In his struggle against the Empire, Kaloyan was extremely cruel and attempted to completely exterminate all the Greeks living on Bulgarian lands. According to Niketas Choniates, after Kaloyan captured Varna, “he threw all the captives in a ditch and, covering it up with earth, buried them alive in one common grave”.
The situation worsened at the end of the twelfth century when the Bulgarians and the Cumans formed an anti-Byzantine alliance. According to their agreement in 1186 the Cumans received the opportunity not only to conduct unimpeded raids against the Byzantine lands, but also to implement mass resettlement into the Lower Danube territories. As a result, a new region under their control known as Danubian Cumania came into existence in Eastern Europe.
The new Bulgarian-Byzantine wars, in which the Cumans actively participated, were waged in the early 1190s. In the early spring of 1190, the Cumans crossed the Danube and forced Isaac II to leave Northern Bulgaria and to retreat beyond the Balkan Mountains. All his attempts to counterattack were in vain. At a later date, in the confrontation at the Morava in the vicinity of Philippopolis, it seemed that the Byzantines had gained success.
However, the success was unstable. As Choniates notes, the attacks of the Bulgarians and the Cumans against the Byzantine lands continued ceaselessly. All the attempts of the Empire to restrain their aggression failed. Around 1195, Alexios Gidos and Basileios Vatatzes were defeated near Arcadiopolis. The following year, Sebastokrator Isaac Komnenos was defeated and captured at Serres.
During the reign of Alexios III, the attacks of the Cumans and the Bulgarians against the Empire assumed disastrous proportions so much so that the enemy began to threaten the very capital itself.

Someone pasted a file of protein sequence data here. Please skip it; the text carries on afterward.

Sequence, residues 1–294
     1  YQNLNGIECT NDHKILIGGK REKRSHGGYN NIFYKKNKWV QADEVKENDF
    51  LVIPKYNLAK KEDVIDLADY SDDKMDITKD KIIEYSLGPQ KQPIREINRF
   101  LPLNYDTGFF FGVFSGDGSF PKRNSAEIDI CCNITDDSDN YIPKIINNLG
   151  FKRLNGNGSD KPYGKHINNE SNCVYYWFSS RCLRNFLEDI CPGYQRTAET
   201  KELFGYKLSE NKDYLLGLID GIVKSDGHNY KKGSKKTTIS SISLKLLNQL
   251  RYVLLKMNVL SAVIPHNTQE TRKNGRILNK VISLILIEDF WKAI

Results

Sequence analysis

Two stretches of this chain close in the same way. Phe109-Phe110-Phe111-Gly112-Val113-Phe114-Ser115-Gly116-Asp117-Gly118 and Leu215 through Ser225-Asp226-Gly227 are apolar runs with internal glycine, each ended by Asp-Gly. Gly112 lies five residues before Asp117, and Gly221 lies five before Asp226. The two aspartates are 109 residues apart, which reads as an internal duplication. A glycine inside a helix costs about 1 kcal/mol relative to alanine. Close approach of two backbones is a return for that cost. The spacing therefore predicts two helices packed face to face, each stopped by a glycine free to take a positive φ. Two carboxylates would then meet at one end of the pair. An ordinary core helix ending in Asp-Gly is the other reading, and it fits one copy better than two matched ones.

Niketas Choniates reports that “several times every year” the Greeks suffered the invasions of the barbarians, who took many captive and sold them into slavery. The lands of Thrace and Macedonia were turned into a desert that extended as far as the Hem (the Balkan Mountains). The campaign against the Bulgarians, that the emperor planned, was delayed repeatedly, while the Bulgarians together with the Cumans devastated “the best regions” and withdrew, “having encountered no resistance”.
[Source: “The Alliance between Byzantium and Rus’ Before the Conquest of Constantinople by the Crusaders in 1204”, by Alexander V. Maiorov (2015)]
NovoScriptorium: We will not tire to repeat that there had never been a “Byzantine” Empire in History; only the Roman Empire, continuing its existence in the Eastern territories of the older, greater Empire. Additionally, the use of the term “Greek/Greeks” by the author of the presented paper is not accurate. We may only speak of “Greek-speaking Romans“. Nobody, and especially the Emperor himself, was calling himself “a Greek” in the Imperial territories; they would -all of them, from the last shepherd and farmer to the Emperor- only proudly call themselves “a Roman“.
Research-Selection for NovoScriptorium: Anastasius Philoponus